It has previously been shown that mast cell chymase is the Ang II forming enzyme in the major non-ACE pathway in the heart (19
). Such pathways were later identified not only in the human heart, but also in the thoracic artery, saphenous vein (20
), radial artery (21
), gastroepiploic artery (22
), bleomycin-induced pulmonary fibrosis (4
) and cardiac fibrosis (6
In the present study, we used ketotifen, a mast cell membrane stabilizer, to investigate the production of Ang II in burn tissues in hamsters. The results showed that the production of Ang II in the ketotifen group was significantly decreased. This suggests that mast cell chymase has the same effects on the conversion of Ang I to Ang II in burn tissues as it does in other tissues or organs, including the heart (6
Ang II is the major effector peptide in the RAS. Besides being a physiological mediator restoring circulatory integrity (12
), Ang II is now recognized as a growth factor that regulates cell growth, angiogenesis, inflammation, tissue repair and remodeling (2
). Ang II contributes greatly to tissue fibrosis, including hepatic (24
), renal (25
) and cardiac fibrosis (26
). Ang II combines with Ang II type-1 receptor to increase the expression of TGF-β1 (27
). In addition, chymase also contributes to the release of TGF-β1 from its precursor (9
). TGF-β1 has been identified as the most significant profibrotic cytokine (29
), it induces an increase in collagen production and secretion and enhances the abundance of mRNA levels for collagen types I and III (30
). Ang II also activates collagen I gene expression, but would require activation of the MAPK/ERK and TGF-β signaling pathways (31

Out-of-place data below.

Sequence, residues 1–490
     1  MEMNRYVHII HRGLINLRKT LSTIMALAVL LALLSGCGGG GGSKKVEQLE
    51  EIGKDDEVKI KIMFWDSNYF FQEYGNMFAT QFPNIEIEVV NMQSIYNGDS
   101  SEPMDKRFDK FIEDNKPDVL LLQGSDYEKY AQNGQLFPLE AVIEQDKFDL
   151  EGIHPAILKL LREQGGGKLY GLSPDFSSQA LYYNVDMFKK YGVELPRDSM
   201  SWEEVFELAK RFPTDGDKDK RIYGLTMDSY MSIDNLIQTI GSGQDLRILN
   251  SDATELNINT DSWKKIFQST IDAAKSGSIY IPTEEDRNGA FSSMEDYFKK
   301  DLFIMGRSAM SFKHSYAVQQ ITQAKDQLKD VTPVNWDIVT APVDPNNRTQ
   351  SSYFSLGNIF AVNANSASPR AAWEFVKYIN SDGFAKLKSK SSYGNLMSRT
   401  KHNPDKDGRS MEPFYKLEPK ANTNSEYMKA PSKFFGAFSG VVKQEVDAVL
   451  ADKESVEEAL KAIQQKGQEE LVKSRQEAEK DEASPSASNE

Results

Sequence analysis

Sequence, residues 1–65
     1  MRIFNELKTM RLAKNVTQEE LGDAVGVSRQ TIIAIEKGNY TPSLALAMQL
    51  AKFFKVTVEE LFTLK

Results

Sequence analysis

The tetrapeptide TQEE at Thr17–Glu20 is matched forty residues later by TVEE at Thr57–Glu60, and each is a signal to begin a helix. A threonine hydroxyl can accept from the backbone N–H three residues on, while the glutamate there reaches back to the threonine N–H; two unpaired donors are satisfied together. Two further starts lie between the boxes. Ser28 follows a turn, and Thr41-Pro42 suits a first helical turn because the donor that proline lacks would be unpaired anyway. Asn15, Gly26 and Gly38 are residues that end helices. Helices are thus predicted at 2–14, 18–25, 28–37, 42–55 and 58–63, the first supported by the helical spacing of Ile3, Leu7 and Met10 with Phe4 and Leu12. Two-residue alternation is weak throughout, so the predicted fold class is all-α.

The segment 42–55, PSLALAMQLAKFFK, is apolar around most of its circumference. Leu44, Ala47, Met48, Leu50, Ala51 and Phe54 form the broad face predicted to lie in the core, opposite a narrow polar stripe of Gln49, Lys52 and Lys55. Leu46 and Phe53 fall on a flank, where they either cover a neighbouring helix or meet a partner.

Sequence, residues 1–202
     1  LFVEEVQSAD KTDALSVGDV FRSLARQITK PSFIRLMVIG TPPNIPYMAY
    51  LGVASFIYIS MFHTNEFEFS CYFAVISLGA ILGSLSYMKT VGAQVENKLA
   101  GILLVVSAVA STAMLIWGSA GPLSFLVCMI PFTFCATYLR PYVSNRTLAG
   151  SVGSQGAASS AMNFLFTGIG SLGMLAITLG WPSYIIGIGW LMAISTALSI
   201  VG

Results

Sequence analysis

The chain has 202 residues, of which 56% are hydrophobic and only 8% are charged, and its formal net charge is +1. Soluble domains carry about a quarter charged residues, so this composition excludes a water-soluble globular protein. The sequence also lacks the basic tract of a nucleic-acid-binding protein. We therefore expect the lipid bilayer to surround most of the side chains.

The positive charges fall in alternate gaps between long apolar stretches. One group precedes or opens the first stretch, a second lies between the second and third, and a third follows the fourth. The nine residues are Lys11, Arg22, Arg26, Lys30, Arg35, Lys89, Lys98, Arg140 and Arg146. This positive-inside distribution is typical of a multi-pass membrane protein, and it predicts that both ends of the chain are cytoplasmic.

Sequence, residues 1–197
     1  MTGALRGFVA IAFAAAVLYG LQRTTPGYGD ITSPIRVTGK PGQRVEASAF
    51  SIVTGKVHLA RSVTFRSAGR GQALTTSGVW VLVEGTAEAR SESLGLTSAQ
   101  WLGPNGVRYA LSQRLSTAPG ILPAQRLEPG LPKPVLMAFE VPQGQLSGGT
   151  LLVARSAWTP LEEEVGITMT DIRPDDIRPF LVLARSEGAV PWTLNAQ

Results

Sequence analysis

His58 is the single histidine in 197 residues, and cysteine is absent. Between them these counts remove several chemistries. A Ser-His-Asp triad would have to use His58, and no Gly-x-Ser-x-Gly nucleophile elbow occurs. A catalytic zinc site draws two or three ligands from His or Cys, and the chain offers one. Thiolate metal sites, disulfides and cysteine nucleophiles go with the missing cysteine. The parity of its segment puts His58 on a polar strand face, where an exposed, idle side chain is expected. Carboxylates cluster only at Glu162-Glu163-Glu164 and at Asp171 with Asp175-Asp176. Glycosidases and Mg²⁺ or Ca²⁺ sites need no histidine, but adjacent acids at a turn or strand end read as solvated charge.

The present study showed that ketotifen treatment significantly reduced the production of TGF-β1 and collagens I and III. These results indicate that greatly decreased Ang II levels cannot induce excessive expression of TGF-β or collagen I and III genes due to the deficiency in activated mast cell chymase.
Ang II is able to stimulate not only cardiac fibroblast proliferation (32
) but also skin fibroblast proliferation (33
). Certain studies have indicated that mast cell chymase is able to induce smooth muscle cell and endothelial cell apoptosis (34
). However, no studies have reported whether or not Ang II and chymase are able to induce fibroblast apoptosis. The present study showed that there was no significant difference in fibro-blast apoptosis between the ketotifen group and the control group. This result indicates that mast cell chymase may have no effect on fibroblast apoptosis.
According to previous studies Ang II had no effect on the the activation of IL-1β. However, human mast cell chymase is able to induce the accumulation of neutrophils, eosinophils and other inflammatory cells in vivo
), as well as the rapid and specific conversion of precursor IL-1β to an active IL-1 species (39
). In the present study, in comparison to the control group, IL-1β was greatly reduced in the ketotifen group, suggesting that chymase may be involved in the activation of IL-1β in burn tissues.
Wound healing subsequent to burn injuries is an inevitable result of tissue repair involving the interaction of fibroblasts, the ECM and cytokines. Increased vascular permeability and inflammation following burn injury may cause an increase in mast cells and stimulate the release of mast cell chymase from secretory granules (1
). Results from the present study showed that in burn tissues, mast cell chymase contributed to the conversion of Ang II, the activation of TGF-β1 and the production of collagens I and III. Mast cell chymase is able to induce skin fibroblast proliferation (33
), but the present study showed that mast cell chymase had no effect on fibroblast apotosis. The study indicated that mast cell chymase is conducive to wound healing.
In conclusion, in a hamster model of burn injuries, ketotifen, a mast cell membrane stabilizer, decreased the local concentration of Ang II, the expression levels of TGF-β1 and collagens I and III and the concentration of inflammatory marker IL-1β. These results suggest that mast cell chymase contributes to burn wound healing. Thus, chymase activity provides a promising future therapeutic target to accelerate wound healing.